MTV (Music Television) was born 30 years ago, just around the time that I began to understand the concept of popular music.
As a tween, I began to religiously listen to Casey Kasem’s Top 40 every Sunday morning from 9am to 1pm.
This music education curriculum left me with a pretty limited purview of the musical galaxy. It would be quite a while before I realized that Albert Einstein was not just a great scientist but a wise philosopher when said, “Everything that can be counted does not necessarily count, everything that counts cannot necessarily be counted.”
Prior to that epiphany, I figured that every song reached the Top 40. I didn’t think that it was possible for a song to be so unpopular not to. (And, of course, I figured that popular and “good” were directly related.)
When I was a kid, MTV would occasionally play what it called “Closet Classics.” These videos were usually black and white (but sometimes color) clips of bands performing a song. It was from one of these that I first heard and saw a band called The Grateful Dead.
I felt like I had heard the name of the band before, and had some sense that the band was really popular. But when I looked up the band in a book that my brother had, I learned that it had never had a Top 10 hit and that its albums usually sold a mere 100 or 200,000 copies.
“What?!” I thought. How is it that such a popular band had never had any songs that were “good” enough to reach the Top 10? And how sad is it that the The Grateful Dead had never had a Gold (500,000 sales) or Platinum (1,000,000 sales) album?
I would later learn that the Dead was a very popular concert attraction, but this only deepened the mystery. Why would so many people go so see a band whose songs were not Casey’s Top 40 caliber?
Anyway, The Grateful Dead finally recorded a song in 1987 that was good enough to not only reach the Top 40, but the Top 10 (“Touch of Grey”). This week in that year, the band also entered the Top 10 of the Billboard Top 200 Albums chart with a record called In The Dark.
It turns out that the week of August 8, 1987, was a good week for several artists to have their first Top 10 album.
Slippery When Wet, the third album by a band from New Jersey called Bon Jovi was at #10. It had previously spent seven straight weeks at #1 in January and February, and an a single week there the previous October. Other hair-metal bands who were in the Top 10 for the first time were Motley Crue with Girls, Girls, Girls (#6) and the British band Whitesnake, whose eponymous album was #2. (The latter band had been around since 1977.)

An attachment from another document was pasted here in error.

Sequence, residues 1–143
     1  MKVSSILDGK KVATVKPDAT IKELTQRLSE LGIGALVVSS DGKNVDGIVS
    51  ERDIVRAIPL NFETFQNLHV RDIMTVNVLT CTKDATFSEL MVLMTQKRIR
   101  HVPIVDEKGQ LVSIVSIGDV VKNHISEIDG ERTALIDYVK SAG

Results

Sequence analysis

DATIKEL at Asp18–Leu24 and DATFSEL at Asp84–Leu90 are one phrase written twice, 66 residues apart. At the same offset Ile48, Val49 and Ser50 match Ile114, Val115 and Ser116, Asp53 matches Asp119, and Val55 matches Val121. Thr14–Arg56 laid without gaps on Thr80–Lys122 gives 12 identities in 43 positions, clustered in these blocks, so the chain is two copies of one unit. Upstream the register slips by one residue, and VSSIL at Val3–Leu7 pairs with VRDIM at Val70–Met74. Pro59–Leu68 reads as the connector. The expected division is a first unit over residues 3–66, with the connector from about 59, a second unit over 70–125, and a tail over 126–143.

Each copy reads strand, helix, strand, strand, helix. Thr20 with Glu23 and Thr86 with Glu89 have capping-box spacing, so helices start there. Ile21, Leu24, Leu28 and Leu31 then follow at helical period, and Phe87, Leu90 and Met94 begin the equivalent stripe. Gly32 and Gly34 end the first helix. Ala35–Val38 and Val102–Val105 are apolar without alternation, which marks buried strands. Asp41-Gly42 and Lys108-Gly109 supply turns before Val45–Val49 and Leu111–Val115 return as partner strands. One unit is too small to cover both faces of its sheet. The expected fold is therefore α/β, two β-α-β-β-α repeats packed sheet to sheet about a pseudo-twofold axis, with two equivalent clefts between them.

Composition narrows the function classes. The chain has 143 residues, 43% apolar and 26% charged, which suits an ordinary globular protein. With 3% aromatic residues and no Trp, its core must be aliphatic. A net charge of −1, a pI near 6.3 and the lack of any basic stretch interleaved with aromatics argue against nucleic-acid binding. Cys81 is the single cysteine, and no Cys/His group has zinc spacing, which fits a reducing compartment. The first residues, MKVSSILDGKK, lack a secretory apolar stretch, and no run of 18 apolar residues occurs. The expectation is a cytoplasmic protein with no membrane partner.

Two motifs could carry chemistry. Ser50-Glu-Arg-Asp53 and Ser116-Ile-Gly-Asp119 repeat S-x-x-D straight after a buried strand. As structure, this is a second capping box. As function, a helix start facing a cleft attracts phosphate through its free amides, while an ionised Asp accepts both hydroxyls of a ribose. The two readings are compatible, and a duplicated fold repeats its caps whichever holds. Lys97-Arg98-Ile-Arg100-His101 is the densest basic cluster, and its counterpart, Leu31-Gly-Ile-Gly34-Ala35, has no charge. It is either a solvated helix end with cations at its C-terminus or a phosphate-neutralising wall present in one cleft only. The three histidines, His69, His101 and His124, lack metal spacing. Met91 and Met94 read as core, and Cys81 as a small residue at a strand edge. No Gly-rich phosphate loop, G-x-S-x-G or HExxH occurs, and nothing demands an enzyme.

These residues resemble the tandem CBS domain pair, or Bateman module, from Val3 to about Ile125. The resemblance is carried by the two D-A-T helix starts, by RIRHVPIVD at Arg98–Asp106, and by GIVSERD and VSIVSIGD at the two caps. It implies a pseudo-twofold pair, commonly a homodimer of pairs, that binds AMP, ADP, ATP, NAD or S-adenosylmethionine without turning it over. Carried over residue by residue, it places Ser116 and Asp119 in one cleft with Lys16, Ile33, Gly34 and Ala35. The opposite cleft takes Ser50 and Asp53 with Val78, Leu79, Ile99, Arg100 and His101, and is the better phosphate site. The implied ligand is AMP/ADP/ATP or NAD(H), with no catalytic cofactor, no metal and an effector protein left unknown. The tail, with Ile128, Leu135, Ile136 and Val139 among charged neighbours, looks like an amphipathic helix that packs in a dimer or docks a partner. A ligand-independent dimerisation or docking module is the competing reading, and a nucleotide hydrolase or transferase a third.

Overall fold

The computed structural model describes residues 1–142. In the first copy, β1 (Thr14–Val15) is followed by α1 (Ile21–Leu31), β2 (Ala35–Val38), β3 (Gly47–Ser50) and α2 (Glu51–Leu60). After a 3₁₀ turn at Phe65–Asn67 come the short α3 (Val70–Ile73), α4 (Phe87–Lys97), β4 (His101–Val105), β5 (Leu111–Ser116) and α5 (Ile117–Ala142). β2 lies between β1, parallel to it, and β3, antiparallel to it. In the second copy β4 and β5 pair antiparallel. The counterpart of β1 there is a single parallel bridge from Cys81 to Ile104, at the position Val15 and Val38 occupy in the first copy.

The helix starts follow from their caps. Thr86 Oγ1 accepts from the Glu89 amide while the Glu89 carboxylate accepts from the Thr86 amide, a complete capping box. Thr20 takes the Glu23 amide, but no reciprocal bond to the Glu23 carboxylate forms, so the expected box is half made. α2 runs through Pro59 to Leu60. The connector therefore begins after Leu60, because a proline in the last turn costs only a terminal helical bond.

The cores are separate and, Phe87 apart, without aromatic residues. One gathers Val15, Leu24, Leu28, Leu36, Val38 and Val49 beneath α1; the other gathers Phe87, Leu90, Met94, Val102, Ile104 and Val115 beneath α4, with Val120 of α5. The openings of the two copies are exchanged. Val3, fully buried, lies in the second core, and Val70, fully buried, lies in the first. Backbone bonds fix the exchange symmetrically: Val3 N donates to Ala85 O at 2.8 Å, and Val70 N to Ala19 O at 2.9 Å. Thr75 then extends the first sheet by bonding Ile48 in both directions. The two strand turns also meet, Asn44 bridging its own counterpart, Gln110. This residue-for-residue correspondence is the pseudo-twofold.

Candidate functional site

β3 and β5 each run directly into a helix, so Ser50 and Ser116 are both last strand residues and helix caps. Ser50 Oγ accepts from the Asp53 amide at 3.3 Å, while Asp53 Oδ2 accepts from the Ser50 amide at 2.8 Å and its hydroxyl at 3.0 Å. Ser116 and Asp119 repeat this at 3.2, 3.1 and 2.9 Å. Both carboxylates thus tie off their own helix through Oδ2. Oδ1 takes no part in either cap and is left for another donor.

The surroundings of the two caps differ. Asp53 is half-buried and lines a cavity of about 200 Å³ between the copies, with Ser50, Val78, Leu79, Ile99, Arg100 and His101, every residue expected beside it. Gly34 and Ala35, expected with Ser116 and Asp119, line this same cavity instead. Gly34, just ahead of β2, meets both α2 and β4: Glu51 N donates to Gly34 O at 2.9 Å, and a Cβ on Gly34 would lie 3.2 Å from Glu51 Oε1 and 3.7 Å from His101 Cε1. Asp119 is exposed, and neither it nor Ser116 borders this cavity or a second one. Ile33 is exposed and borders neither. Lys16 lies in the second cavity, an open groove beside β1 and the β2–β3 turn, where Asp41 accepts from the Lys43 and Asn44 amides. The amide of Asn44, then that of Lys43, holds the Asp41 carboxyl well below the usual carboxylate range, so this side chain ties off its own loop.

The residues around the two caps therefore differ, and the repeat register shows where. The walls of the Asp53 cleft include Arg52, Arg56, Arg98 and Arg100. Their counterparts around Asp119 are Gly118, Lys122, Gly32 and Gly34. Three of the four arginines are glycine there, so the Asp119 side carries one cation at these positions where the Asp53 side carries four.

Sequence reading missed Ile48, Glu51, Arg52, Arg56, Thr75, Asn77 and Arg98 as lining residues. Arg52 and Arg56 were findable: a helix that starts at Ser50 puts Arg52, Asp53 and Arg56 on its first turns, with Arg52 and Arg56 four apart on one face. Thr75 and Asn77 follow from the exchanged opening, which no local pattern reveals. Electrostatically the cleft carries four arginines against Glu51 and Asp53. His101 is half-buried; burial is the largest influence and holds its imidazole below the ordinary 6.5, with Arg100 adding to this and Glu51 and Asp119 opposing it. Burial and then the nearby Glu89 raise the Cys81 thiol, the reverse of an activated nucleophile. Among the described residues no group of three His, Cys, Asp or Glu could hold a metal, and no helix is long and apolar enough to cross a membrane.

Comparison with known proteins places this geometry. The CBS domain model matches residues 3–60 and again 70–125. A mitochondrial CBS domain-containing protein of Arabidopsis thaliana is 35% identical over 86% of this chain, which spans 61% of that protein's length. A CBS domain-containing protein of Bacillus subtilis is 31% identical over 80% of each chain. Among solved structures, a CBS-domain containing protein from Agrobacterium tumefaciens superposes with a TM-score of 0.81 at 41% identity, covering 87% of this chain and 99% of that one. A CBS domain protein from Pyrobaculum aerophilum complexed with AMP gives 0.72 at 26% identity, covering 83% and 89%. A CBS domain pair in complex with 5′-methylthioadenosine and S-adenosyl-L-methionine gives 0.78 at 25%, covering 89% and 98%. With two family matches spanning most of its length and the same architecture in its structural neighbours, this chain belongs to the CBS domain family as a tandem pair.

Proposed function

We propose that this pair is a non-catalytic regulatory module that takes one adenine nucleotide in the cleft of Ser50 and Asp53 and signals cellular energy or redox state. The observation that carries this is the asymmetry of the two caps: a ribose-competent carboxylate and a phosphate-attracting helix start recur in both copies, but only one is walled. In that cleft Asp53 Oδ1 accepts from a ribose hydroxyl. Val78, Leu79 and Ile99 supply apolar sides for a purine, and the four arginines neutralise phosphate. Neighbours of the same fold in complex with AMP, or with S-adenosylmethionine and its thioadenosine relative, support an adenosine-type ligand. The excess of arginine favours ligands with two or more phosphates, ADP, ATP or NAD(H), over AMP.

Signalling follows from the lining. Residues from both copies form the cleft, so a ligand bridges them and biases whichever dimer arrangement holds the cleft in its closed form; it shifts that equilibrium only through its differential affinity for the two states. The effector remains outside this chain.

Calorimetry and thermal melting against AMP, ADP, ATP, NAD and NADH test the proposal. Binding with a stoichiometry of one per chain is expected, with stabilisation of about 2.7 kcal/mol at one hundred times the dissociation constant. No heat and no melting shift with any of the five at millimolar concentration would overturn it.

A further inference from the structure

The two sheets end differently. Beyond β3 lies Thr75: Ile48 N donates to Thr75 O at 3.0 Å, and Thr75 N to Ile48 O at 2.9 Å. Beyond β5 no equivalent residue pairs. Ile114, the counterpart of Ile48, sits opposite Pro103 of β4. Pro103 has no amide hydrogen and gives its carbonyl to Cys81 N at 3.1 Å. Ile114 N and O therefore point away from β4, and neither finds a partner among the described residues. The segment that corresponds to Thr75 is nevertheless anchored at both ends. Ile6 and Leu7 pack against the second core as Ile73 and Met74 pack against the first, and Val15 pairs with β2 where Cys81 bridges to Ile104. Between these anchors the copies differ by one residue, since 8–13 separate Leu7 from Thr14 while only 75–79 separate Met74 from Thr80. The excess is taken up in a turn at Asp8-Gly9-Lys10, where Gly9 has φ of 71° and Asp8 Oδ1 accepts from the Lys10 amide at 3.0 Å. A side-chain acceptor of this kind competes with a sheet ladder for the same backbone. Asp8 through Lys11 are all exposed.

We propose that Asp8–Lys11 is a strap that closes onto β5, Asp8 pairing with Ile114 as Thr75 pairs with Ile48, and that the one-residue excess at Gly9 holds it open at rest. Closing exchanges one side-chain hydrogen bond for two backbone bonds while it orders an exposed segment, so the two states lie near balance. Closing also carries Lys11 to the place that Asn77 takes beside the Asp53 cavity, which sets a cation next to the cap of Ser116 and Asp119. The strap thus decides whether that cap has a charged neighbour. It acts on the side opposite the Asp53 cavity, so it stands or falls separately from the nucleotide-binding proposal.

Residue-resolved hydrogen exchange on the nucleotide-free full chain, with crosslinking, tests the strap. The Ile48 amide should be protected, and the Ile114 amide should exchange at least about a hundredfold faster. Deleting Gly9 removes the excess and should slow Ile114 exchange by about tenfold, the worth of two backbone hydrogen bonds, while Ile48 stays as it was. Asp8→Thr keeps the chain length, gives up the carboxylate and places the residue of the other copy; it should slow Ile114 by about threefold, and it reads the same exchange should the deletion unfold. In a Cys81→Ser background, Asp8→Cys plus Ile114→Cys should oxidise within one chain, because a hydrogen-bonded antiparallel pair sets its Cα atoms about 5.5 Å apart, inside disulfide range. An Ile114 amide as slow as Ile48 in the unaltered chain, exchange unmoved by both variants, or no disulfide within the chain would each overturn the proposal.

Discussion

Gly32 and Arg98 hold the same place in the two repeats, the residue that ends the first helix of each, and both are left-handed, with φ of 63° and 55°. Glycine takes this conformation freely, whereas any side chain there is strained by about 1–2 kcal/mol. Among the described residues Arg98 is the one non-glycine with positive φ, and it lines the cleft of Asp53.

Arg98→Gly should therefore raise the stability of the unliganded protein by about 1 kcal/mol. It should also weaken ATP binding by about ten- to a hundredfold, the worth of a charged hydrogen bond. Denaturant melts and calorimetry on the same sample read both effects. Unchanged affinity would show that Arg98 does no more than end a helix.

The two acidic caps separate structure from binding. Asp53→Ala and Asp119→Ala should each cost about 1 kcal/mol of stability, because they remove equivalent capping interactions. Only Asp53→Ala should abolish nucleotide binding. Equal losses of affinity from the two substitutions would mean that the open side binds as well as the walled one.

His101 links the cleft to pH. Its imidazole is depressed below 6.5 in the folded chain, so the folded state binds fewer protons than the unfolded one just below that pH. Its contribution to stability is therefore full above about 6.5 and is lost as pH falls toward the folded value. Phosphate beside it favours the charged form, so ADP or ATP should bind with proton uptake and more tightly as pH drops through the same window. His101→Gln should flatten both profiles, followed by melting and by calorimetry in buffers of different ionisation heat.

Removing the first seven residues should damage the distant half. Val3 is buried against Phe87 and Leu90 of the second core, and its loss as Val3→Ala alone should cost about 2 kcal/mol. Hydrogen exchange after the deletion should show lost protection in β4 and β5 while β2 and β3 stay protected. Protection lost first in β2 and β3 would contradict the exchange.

The #6 album twenty-four years ago was the sixth album by an Irish band called U2. The Joshua Tree had reached #1 five months earlier. Six of the band’s seven subsequent releases of new material would also top the chart. This massive success eventually made U2′s lead singer, Paul Hewson, think that he could save the world.
The other Top 10 first-timers were later Guiness record holder Kenny G[orelick], whose Duotones was #7, and LL Cool J, who was at #5 with Bigger and Deffer. The remainder of the Top 10 included the soundtrack to the movie Beverly Hills Cop II (#8), Bad Animals by the female-Led Zeppelin-turned mushy Adult Contemporary-superstars Heart (#2), and Whitney, by the future Mrs. Bobby Brown (#1).
Back to the land of the Dead. In The Dark was the band’s first album since 1980′s fan- and critic-panned Go To Heaven, the cover of which had the members of the Dead decked out Bee Gees-like atire.
Maybe their feelings were hurt by the adverse response, causing them to not record any new material for the next seven years.
As “Touch of Grey” reached the Top 40, I remember learning from Casey Kasem that the only other song that Jerry Garcia and co. had on the singles chart was the classic “Truckin’.” He said that it topped off at #64 in 1971. Therefore, even though I hadn’t heard it, I assumed that it must have been a very bad song. It’s actually pretty good, if you like that sort of thing.
In The Dark was obviously quite a comeback (it reached #6), but to Deadheads, The Grateful Dead was never gone as long as they were touring, and they pretty much always were. In 1987, a tour with rock ‘n roll’s poet laureate called Dylan & The Dead included a stop at Sullivan Stadium in Foxboro(ugh), Mass. (You get three guesses at what it is called now.)
To date, In The Dark has sold more than two million copies, which ties it with 1970′s American Beauty--on which “Truckin’” originally appeared--as The Dead’s biggest-selling studio album. The band’s best-selling album overall is the greatest hits collection Skeletons From the Closet, which has sold three million copies, most of which non-Deadheads probably purchased in order to have a bit of cred among rock’s most devoted folowers. Among those devoted followers specifically, the most popular album is probably the double platinum two-disc live album Europe ’72.
Jerry Garcia, who was more or less the face of The Grateful Dead, died on August 9, 1995, a mere 53 years of age. Nowadays, Deadheads get their fix from Furthur, the band that Dead members Phil Lesh and Bob Weir formed in 2009.